Zooming out on the problem, we know that between $1.0 — $5.0B in aid has been contributed to Sub-Saharan African agriculture each year for the last 30+ years[4], largely to top-down solutions financed by concessionary programs — and the average productivity of the Nigerian tomato farmer hasn’t moved an inch. It’s time for a new approach, and we are 100% behind Mira, Art and the TJ team.

Are there leading indicators for why the company will be more valuable in the future than it is today?

Nigerians are fiercely proud of their country. This sense of pride, combined with the fact that brand loyalty is high among Nigerians, is leading to a growing interest in and preference for local brands, especially for food and drinks. According to Deloitte, 78% of Nigerian consumers prefer local brands for food products.[5] Over the next few years, we believe that domestic Nigerian brands will become an increasingly important part of the domestic Nigerian consumer packaged goods (CPGs) landscape and the regional West African market. The U.N. estimates that Nigeria’s population will surpass that of the United States by 2050, and become the world’s third most populous country by 2100.[6] Urbanization rates have long been among the highest in the world (from ~3 million in 1950 to ~69 million in 2010)[7]. Both will contribute to higher consumer spending in Nigeria (McKinsey expects $100B+ more per year by 2020)[8] and greater demand for locally made products.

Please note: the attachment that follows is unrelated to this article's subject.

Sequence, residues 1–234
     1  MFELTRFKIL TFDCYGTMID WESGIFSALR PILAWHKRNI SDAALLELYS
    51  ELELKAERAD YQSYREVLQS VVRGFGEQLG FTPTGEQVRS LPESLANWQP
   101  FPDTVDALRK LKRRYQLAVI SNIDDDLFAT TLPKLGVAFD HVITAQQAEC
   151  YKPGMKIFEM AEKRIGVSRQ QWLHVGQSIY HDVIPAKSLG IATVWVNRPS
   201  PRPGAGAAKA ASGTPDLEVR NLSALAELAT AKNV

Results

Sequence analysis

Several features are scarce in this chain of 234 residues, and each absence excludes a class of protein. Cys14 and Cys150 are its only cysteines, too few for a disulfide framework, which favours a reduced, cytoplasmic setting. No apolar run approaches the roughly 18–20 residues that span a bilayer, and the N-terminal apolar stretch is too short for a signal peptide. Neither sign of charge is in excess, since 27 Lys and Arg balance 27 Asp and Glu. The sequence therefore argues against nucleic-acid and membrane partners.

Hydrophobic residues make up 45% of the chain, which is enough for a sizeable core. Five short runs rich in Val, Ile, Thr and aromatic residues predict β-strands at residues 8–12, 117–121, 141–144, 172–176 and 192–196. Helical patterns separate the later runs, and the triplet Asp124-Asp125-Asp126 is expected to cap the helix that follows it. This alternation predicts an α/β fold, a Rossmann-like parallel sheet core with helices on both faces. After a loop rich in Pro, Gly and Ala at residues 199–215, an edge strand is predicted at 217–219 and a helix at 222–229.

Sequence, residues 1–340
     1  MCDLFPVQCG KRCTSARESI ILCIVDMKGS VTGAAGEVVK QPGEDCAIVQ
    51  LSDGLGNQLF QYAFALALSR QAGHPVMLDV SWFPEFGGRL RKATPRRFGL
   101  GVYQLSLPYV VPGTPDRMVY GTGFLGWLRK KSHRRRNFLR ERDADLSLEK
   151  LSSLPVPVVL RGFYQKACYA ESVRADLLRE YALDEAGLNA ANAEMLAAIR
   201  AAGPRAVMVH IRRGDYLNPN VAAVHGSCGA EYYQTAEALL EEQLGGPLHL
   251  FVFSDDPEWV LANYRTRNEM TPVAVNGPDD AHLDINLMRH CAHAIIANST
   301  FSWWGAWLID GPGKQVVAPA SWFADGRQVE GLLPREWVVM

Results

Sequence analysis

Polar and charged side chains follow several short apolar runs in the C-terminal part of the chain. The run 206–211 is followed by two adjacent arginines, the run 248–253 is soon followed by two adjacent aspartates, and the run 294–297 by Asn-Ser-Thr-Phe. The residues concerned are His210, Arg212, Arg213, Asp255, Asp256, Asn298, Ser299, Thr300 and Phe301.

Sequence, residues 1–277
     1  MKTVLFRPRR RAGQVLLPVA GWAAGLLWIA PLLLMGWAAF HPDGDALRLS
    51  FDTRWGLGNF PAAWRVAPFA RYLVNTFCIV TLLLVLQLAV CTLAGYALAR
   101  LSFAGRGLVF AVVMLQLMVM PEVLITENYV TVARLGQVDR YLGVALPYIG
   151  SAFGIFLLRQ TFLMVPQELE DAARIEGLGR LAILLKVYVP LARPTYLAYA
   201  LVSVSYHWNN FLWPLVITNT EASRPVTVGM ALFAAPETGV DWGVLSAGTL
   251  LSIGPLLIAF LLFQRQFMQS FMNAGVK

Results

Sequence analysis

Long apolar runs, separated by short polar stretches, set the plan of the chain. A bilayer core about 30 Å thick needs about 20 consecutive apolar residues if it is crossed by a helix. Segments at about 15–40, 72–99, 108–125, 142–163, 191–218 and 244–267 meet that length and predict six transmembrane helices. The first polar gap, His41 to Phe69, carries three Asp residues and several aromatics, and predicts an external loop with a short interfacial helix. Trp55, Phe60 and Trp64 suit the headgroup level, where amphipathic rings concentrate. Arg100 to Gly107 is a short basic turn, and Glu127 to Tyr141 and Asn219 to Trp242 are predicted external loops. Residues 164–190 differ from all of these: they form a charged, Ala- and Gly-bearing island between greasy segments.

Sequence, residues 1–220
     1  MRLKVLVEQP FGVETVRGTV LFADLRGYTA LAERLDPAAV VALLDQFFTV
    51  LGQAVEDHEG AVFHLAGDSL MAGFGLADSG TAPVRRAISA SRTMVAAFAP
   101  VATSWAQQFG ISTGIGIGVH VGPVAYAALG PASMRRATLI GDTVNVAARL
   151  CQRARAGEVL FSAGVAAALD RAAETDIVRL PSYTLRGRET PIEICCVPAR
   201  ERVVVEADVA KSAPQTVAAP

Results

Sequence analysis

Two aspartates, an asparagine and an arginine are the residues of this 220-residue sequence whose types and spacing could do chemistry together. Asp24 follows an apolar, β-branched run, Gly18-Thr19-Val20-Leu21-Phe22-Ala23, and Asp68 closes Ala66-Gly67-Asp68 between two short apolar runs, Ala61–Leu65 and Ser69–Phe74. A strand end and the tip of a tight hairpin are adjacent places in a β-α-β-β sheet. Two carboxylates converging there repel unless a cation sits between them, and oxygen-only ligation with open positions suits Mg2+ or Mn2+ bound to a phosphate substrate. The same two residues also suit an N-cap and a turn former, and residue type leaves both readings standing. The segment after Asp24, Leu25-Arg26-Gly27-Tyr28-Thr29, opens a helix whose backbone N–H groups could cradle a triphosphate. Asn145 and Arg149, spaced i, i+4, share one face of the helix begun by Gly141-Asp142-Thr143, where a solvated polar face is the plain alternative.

In Nigeria, locally produced CPGs are gaining ground against similar product offerings from international brands across a variety of sectors[9] — as exemplified by the rise of the Nigerian-brand Chi (whose fruit juices and drinks carry the slogan “Be Nigerian, Buy Nigerian”). The desire to have a local brand that caters to “evolving consumer tastes” was a significant factor in why Coca-Cola decided to acquire a significant stake in Chi. We expect that this trend will continue and are making investments to capitalize on it — Tomato Jos is our first of what will be several investments across this theme.

The desire to have a local brand that caters to “evolving consumer tastes” was a significant factor in why Coca-Cola decided to acquire a significant stake in Chi. We expect that this trend will continue and are making investments to capitalize on it — Tomato Jos is our first of what will be several investments across this theme.

Is there an exit opportunity here?